Microsoft Inks Android IP Deal with Hon Hai
Microsoft announced an intellectual property deal with Taiwan-based Hon Hai, the investment holding company for Foxconn Ltd.
The patent licensing agreement is associated with Hon Hai's production of devices running the Linux-based Android mobile operating system as well as Chrome OS, which is a cloud-enabled operating system used on Google's laptops. However, the agreement covers Hon Hai's "smartphones, tablets and televisions," according to Microsoft's announcement. Microsoft claims that it is getting royalties from the deal, but no specifics were disclosed.
"We recognize and respect the importance of international efforts that seek to protect intellectual property," stated Samuel Fu, director of Hon Hai's Intellectual Property Department, in a released statement. "The licensing agreement with Microsoft represents those efforts and our continued support of international trade agreements that facilitate implementation of effective patent protection."
Hon Hai had revenues of $5.2 billion in 2012, mostly from its mobile device manufacturing business. The company describes itself as the "largest contract electronics manufacturer" in the world. Its Foxconn arm produces Apple iPads, iPods and iPhones at such a pace that some workers have committed suicide or threatened to do so. Foxconn also made Nook electronic reader devices for Barnes & Noble, which was sued by Microsoft about two years ago. The Barnes & Noble dispute was settled in April of last year in an odd royalty plus investment arrangement.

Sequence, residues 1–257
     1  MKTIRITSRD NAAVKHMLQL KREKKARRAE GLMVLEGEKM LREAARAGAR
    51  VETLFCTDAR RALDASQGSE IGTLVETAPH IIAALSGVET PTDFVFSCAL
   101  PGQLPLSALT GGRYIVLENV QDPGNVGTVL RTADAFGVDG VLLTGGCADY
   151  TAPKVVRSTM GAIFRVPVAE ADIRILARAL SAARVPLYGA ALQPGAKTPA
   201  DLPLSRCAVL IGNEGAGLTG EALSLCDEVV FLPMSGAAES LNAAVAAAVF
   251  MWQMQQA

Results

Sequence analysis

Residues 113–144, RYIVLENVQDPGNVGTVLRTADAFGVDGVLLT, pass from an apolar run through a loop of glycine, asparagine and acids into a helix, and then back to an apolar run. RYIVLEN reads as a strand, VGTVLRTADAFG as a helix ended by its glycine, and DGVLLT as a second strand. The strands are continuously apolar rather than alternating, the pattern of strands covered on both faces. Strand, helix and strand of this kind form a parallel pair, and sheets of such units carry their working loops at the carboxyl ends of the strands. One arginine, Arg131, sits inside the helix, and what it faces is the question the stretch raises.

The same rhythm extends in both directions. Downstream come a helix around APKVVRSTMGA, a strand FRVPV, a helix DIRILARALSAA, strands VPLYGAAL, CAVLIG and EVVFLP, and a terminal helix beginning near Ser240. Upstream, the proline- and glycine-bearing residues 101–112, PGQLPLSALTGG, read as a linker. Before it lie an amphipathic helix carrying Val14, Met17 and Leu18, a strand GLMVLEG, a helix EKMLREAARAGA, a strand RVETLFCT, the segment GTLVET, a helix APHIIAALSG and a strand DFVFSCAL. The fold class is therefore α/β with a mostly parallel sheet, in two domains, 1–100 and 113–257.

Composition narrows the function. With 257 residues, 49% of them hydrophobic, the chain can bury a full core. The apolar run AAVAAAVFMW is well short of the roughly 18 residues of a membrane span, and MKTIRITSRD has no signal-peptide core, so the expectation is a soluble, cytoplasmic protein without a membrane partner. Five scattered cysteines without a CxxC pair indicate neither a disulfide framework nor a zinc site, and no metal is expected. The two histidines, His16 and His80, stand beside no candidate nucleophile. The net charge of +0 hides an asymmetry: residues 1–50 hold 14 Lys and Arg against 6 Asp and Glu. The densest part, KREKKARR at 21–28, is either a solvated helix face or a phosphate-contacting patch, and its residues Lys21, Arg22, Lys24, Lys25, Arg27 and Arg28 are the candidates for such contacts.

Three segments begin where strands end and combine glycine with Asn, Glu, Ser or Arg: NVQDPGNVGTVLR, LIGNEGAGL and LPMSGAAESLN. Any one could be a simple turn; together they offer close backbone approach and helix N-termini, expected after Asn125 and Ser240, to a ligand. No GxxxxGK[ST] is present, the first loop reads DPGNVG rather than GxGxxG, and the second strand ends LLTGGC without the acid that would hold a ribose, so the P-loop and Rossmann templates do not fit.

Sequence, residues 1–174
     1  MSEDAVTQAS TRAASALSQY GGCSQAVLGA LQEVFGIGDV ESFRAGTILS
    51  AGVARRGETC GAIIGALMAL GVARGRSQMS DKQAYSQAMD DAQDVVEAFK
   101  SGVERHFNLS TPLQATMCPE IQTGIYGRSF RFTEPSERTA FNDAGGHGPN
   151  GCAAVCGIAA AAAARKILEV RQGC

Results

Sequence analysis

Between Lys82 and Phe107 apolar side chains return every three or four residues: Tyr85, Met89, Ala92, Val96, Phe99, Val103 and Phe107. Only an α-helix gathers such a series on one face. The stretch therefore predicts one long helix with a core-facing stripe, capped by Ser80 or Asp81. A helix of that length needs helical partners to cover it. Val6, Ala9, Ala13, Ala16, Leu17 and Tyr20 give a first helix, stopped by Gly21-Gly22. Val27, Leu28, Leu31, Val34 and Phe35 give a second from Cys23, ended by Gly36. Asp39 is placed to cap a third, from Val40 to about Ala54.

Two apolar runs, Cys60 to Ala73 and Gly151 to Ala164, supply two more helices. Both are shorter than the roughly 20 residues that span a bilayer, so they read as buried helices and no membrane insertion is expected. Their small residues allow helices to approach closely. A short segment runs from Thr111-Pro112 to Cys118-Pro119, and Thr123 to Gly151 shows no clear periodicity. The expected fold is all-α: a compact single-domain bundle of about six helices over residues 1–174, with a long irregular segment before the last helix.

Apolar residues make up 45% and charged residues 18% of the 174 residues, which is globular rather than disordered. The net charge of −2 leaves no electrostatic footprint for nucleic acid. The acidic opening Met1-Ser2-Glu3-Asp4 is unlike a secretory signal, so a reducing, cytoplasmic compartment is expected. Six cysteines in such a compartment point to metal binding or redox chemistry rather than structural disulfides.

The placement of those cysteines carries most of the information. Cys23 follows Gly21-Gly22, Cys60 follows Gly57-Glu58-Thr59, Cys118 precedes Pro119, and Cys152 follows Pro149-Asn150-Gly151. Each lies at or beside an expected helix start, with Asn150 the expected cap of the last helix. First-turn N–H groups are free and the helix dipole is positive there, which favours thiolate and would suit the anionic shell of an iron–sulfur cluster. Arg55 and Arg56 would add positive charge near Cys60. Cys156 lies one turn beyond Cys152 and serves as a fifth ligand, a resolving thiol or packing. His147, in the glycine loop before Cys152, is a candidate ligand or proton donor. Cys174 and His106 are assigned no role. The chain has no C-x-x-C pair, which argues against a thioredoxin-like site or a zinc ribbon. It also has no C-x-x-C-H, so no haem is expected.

The agreement with Hon Hai represents yet another win in Microsoft's ongoing legal campaign to wrest intellectual property revenues from the Google-fostered Linux-based Android OS. Apple, too, has claimed patent infringements by Android. Those legal disputes are part of the backdrop of a broad platform war that's been occurring for several years in the mobile smartphone space.
Microsoft's Windows Phone mobile OS badly lags behind Android and Apple's iOS. A quarterly report by comScore, including February results, found Google's Android OS leading the pack at 51.7 percent of the smartphone market, followed by Apple's iOS at 38.9 percent, BlackBerry at 5.4 percent and Microsoft's mobile OS at 3.2 percent.
Microsoft may have somewhat made up for the shortfall through its intellectual property deals associated with Android. In the recent past, Goldman Sachs has estimated that these deals may have brought in about $444 million to Microsoft's coffers.
Microsoft has an initiative within the company that monetizes its intellectual property. The company claims to have inked 1,100 licensing agreements since 2003. In past announcements, Microsoft has claimed agreements with about 70 percent of U.S. hardware device makers using Android. Many of the disputes have concerned software usability patents, and only a few companies have resisted in the courts, such as Barnes & Noble and Google's Motorola Mobility arm.
Google recently announced an Android executive shakeup, with Sundar Pichai taking the reins from Android Inc. cofounder Andy Rubin. A Microsoft executive recently called Android "a mess," but it's so far been quite successful. Google makes money off the search advertising dollars associated with mobile device use. It offers Android to mobile device-makers royalty free, but manufacturers don't get legal indemnity protections, too.
Kurt Mackie is online news editor for the 1105 Enterprise Computing Group.